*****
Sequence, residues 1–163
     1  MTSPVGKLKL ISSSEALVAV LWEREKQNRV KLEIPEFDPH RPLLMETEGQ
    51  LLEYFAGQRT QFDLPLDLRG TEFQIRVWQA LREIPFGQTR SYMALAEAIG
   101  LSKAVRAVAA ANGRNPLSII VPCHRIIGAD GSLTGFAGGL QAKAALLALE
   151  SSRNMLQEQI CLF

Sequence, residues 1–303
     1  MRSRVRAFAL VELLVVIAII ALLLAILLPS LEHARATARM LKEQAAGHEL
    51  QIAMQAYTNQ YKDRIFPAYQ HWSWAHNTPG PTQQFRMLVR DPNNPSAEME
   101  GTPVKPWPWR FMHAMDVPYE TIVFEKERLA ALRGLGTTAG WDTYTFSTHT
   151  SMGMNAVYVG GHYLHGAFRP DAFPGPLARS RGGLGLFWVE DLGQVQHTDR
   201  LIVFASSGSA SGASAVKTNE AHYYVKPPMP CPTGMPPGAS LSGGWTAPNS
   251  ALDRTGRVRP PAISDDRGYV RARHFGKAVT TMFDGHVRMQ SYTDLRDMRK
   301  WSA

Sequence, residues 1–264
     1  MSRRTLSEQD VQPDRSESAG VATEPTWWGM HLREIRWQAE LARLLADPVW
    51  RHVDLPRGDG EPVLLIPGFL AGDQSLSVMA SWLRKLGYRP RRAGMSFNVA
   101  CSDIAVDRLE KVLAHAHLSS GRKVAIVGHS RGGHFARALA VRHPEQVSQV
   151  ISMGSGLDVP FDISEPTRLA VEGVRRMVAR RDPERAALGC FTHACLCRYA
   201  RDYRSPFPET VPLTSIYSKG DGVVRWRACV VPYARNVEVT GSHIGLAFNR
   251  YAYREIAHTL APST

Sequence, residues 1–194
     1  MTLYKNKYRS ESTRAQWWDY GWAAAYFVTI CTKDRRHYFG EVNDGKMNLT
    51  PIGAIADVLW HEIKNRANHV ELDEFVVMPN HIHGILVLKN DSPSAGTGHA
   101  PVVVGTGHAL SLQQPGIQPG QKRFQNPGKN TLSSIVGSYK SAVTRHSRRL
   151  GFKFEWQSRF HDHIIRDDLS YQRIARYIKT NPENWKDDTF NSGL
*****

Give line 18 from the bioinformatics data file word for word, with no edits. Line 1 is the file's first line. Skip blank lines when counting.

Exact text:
   151  ISMGSGLDVP FDISEPTRLA VEGVRRMVAR RDPERAALGC FTHACLCRYA